It's mid-May now, so that must mean it's time once again for my mid-May Martinmania. And surely enough, just like this time last year, my inspiration for the novel known as Rainbow is in the ascendant. Why else would I be experimenting with designing book covers for a novel of which I have so far written only 13,000 words?
One thing I know is that I am determined to write this thing, one way or the other--whether it needs to be written, slowly and tortuously, in the erratic fits and starts which have seemed to characterize its progress thus far, or, more hopefully, in a steady drive of inspiration that will carry the novel through to its completion this summer.
Of course, that is what I hoped for when I started writing the story at the beginning of last summer, but in any case, I am not set on that timeframe of completion as a definite goal. As I have stated before, this is my art, and it must be given the time it needs to grow and develop and evolve in an organic and natural way. I must have faith in Rainbow that it will continue to reveal itself and, through my hands, realize itself in its own good time.
Lately the story has in fact been doing just that, continuing its wondrous unfolding in my mind "like some kind of crazy, beautiful, glorious flower" (as one character describes Martin).
One quality of the story that helps me to maintain faith in it and in the value of writing it--no matter the difficulty, the daunting grandeur of the ambition, and the occasional loss of vision and inspiration--is what I might call its "untranslatability". One of the texts that inspires and underlies the novel is Whitman's line "I too am not a bit tamed, I too am untranslatable."
I see this line as being pertinent both to Martin as a character, in the sense that he is a mystery who cannot be contained by any simple definition of who he is as a person, and also to the novel itself, in the sense that Rainbow cannot be contained by any simple definition of what it is as a story.
I think that this quality is something it shares with many other literary works that rise above formula and conventional expectations and standard categorizations, and this is what I mean when I say that the quality of "untranslatability" helps me to maintain faith in the novel. I mean that it helps to remind me that this is one of the best ideas I have ever had, that I have here something original and fresh and new, something that might even be (as it indeed feels to me) powerful and grand (or, as a friend put it, "monstrous and majestic"), and that this story is a living thing, i.e., a story with a sparkling, vigorous life of its own, as Bluebird was (and still is... literary works always live as long as they have readers who bring them back to life, in an endless variety of iterations, with each individual reading).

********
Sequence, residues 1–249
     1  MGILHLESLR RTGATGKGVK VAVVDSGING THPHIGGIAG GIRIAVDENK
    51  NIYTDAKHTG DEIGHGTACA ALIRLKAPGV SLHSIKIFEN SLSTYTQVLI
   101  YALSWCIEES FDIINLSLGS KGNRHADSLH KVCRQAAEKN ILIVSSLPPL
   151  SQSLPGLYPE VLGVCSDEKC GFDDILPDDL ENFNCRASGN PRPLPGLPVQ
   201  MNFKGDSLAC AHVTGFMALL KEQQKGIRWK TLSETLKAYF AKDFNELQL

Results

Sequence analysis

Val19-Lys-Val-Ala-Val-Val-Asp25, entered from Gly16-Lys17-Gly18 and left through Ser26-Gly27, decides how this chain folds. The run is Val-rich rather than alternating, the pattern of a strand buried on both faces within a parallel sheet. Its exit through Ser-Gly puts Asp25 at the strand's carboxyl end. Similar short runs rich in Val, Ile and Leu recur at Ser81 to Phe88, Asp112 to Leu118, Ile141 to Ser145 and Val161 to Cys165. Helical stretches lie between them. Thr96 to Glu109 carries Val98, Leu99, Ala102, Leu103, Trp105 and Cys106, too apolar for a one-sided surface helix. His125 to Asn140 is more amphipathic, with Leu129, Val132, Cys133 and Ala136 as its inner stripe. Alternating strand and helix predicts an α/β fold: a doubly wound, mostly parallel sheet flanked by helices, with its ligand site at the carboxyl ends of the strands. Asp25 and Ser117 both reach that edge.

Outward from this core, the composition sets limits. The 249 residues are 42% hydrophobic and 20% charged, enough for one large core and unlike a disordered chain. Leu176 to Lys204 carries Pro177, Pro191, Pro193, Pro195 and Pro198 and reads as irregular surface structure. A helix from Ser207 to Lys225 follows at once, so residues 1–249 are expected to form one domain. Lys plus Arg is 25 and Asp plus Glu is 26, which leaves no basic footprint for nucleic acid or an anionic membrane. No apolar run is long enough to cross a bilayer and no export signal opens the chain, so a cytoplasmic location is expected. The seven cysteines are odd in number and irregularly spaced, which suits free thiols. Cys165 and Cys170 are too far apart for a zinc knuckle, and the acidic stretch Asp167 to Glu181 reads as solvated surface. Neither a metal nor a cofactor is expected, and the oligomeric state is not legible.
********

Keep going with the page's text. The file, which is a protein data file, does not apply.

I myself cannot explain or define this novel Rainbow. I can scarcely understand, at an intellectual level, what the story is about, why it is such a powerful vision for me, or why I feel so compelled to write it. That inability to adequately articulate the concept is not because it is devoid of substance, but indeed the very opposite: its substance (speaking here only of the idea that presents itself to my mind, not of my actual work) is, on the contrary, so full, so rich, and so deep, that it does not permit itself to be reduced to any simple explanation or summarization.
The closest thing I can compare it to is a fairy tale, or, perhaps even better, a myth. It centers on the character of Martin Lane, an artist and poet, and, to the extent that one may summarize what Rainbow is "about", it is largely about who Martin is, and the way in which he gradually discovers and expresses who he is. It is like a fairy tale in that Martin seems to transform, or rather to realize (both in the sense of "become aware" and in the sense of "make real"), himself, from something apparently ordinary and plain into a wondrous and magical being.
I do not mean that the story is a fantasy; I use the term "fairy tale" metaphorically. As I said, however, I think the word "myth" might be a better instrument to capture the nature of this tale. Martin Lane is a mythic figure, and his story is of mythic proportions. Despite his uniqueness, mysteriousness, and strangeness, I believe that Martin can also stand for human beings in general, a symbol of the uniqueness, mysteriousness, and strangeness of each one of us.
There is far more to the story, and far more to its mythic nature, than this one aspect can possibly suggest. The novel is "about" a multitude of things, and is also, above and beyond and encompassing all of those things, about one thing. That one thing I can only explain by writing the novel itself. I cannot give words to that one thing other than the words (every last one of them) of Rainbow.
In other words, Rainbow is, like Martin Lane, untranslatable.